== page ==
The only established watchmakers that succeeded at producing decent devices (think Timex and Fossil) did so by avoiding going fully digital, sticking instead to more-conventional analog designs with hidden sensors for basic fitness tracking. Really, then, the watches that did well this year were the hybrids, with the one big exception being the Apple Watch Series 2.

Then come the brands that have basically given up on making smartwatches altogether. A Motorola exec recently said the company is not working on a successor to last year’s Moto 360, because it just doesn’t “see enough pull in the market” to justify developing an updated model. That this kind of sentiment is coming from Motorola, of all companies, is telling. After all, the Moto 360 was the first Android Wear watch to have a round face and is one of the most well-received smartwatches running Google’s software.

Similarly, this year Microsoft discontinued its Band fitness wearable. Although it’s more of an activity tracker, the Microsoft Band always toed the line, what with its color touchscreen and smartwatch-like features such as phone notifications and third-party app support. Unlike Motorola, however, Microsoft never explained its exit from the field, although it continues to support its suite of health apps that can run on other devices.


One of the biggest signs that smartwatches are in trouble, though, was industry pioneer Pebble’s recent acquisition by Fitbit for the modest sum of about $40 million. Back in its heyday, Pebble reportedly received bids from Citizen and Intel for $740 million and $70 million, respectively. The startup declined both suitors and went on to launch a new line of fitness-focused smartwatches this year. The Pebble 2 and Pebble Time 2 raised $12 million on Kickstarter, beating the $1 million funding goal. Despite the company’s fundraising successes, Pebble failed to resolve its financial woes and eventually accepted Fitbit’s offer.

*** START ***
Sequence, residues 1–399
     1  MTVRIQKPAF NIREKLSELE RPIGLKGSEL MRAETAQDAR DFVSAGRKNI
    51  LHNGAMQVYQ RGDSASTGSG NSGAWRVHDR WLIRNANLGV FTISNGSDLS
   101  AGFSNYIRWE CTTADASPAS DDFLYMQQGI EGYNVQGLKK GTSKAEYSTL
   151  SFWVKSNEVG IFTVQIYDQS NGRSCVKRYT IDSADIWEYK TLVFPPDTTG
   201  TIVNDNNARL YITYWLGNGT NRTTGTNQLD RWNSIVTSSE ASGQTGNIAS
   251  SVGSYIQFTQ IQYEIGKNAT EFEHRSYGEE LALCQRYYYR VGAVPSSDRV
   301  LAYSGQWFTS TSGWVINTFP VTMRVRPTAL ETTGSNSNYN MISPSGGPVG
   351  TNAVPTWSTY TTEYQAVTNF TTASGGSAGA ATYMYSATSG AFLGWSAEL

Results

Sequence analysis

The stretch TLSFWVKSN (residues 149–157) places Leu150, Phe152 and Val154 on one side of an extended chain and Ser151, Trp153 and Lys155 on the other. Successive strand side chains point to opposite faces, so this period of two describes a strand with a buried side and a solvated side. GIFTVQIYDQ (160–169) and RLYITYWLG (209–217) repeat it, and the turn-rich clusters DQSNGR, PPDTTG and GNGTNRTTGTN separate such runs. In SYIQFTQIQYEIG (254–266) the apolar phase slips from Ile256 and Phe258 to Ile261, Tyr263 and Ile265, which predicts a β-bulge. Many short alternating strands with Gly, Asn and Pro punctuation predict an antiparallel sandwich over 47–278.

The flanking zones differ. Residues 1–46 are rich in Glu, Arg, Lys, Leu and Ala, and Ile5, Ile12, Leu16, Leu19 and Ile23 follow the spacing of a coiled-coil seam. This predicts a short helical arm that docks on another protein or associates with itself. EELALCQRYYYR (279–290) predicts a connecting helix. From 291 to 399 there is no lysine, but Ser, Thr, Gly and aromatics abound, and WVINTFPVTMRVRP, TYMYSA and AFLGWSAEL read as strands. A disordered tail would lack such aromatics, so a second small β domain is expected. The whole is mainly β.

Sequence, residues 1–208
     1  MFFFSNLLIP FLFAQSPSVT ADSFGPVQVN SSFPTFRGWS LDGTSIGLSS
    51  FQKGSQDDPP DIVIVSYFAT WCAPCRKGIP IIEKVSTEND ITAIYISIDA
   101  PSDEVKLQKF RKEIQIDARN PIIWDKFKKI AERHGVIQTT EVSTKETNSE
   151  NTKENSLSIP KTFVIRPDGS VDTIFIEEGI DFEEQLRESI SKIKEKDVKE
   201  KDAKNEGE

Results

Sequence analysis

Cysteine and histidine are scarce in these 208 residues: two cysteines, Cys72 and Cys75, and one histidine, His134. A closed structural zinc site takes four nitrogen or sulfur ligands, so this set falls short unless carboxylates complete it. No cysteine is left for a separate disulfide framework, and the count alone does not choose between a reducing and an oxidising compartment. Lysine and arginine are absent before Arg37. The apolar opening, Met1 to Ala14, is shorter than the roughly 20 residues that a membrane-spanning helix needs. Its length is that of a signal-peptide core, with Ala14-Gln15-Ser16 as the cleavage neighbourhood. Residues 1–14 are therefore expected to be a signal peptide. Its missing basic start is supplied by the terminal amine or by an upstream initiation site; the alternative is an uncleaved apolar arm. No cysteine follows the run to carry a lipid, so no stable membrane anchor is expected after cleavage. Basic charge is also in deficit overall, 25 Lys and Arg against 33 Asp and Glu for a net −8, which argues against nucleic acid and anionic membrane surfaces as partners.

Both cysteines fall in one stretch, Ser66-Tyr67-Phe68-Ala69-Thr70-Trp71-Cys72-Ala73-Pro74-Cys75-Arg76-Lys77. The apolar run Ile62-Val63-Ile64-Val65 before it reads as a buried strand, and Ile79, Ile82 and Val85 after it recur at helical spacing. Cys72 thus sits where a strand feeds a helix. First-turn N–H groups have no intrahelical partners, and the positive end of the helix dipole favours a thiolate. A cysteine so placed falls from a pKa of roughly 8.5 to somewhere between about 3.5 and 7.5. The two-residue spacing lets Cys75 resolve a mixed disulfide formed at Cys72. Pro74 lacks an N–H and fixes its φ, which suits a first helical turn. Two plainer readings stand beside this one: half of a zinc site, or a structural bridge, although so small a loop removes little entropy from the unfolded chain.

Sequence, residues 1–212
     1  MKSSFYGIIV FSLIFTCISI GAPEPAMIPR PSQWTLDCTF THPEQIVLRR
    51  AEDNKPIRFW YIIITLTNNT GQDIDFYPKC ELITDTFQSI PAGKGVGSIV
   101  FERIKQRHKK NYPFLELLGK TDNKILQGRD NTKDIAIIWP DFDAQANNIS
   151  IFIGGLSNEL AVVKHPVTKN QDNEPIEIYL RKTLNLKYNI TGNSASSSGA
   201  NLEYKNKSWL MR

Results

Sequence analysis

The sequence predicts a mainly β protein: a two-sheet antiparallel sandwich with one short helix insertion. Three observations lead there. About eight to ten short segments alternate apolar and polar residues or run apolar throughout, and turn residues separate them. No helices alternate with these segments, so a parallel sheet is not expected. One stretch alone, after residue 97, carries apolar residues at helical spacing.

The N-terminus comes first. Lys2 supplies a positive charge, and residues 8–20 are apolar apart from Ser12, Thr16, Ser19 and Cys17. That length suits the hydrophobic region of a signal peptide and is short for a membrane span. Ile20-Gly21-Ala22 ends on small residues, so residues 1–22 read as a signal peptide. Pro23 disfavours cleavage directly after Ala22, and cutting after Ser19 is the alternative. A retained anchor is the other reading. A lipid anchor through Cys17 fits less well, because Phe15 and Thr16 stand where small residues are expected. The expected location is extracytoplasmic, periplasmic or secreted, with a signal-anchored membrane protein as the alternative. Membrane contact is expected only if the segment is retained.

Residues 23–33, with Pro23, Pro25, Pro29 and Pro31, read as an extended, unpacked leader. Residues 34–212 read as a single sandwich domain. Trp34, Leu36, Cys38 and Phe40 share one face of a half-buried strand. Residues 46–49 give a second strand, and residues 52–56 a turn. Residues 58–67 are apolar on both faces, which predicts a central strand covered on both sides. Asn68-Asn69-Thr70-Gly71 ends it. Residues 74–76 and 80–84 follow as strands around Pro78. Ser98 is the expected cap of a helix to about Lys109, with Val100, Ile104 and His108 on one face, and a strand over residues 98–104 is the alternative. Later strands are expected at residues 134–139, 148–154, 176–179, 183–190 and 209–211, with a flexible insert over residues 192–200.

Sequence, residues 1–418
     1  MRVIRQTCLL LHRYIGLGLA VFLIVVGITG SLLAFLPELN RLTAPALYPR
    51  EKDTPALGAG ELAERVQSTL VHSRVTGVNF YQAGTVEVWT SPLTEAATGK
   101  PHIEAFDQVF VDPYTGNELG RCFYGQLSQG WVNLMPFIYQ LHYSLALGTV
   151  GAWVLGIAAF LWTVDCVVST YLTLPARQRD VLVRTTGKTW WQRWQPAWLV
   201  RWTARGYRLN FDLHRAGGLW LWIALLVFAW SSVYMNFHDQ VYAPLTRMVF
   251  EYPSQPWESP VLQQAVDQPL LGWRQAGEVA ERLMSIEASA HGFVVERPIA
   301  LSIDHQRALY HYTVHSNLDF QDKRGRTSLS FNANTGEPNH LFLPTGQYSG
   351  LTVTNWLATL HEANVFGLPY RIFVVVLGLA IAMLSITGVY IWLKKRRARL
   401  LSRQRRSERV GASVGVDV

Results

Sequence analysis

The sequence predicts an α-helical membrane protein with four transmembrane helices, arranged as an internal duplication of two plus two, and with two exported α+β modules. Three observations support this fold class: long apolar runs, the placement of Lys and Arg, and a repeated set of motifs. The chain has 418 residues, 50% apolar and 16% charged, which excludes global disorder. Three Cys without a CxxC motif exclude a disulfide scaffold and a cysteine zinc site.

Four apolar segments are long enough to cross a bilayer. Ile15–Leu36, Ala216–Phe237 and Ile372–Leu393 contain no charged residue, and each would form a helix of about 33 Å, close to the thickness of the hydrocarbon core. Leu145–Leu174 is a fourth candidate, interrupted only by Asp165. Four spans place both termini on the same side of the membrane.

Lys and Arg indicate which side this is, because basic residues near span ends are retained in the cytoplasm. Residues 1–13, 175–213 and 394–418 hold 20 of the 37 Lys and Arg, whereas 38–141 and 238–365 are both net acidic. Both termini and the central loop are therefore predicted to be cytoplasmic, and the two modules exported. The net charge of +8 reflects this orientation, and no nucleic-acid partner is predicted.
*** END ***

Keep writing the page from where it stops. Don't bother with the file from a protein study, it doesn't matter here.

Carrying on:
With so much consolidation in the smartwatch space, the future of the category looks gloomy. Less competition can mean less innovation, which can result in products growing stale and eventually fading altogether. Still, there have been developments in 2016 that could give the industry a boost. Startup Matrix Industries came up with a way to use body heat to power a smartwatch, which could eliminate (or at least alleviate) the problem of inadequate battery life. Plus, with Android Wear 2.0 slated to arrive early next year, the next generation of smartwatches will likely become more functional, giving users more reason to wear them.

We also saw a few watches this year that let wearers control Amazon’s Alexa from their wrist, although they ran obscure independent operating systems that barely had third-party app support. The Alexa integration means that these watches can access more than 2,000 so-called skills, letting you do things such as turn on your smart lights or thermostat, ask how much you’ve spent at specific stores, or buy many, many pairs of socks. You can’t do most of that yet with Android Wear’s OK Google command, but Alexa’s expansion into watches could spur Google to improve its own assistant.

So 2016 wasn’t a great year for smartwatches. In fact, it was a disappointing 12 months that don’t bode well for the future of the category. But there are enough upcoming potential enhancements that the industry could be revived. Components could also get smaller and more powerful over time, as they did with smartphones, eventually leading to sleeker frames housing more full-featured systems. But that’s something to look forward to in the future. As for this year’s smartwatches? Goodbye, and good riddance.

Check out all of Engadget’s year-in-review coverage right here.


Recommended Reading: Some suggestions for Twitter in 2017

A Billion Dollar
Gift for Twitter

Anil Dash,

Twitter CEO Jack Dorsey asked the masses this week what the company should focus on in 2017. After a year filled with harassment issues and the failure to court a buyer, the next few months will be very important for Twitter’s future. Tech entrepreneur and blogger Anil Dash penned some suggestions for the company and the list would be a great place for Dorsey to start in January.

‘Duck Dynasty’ vs. ‘Modern Family’: 50 Maps of the US Cultural Divide
Josh Katz, The New York Times

Sure, this is more looking than reading, but The New York Times’ “Upshot” examines how the TV shows we watch are so closely linked with political divisions.

The Farmer Who Built Her Own Broadband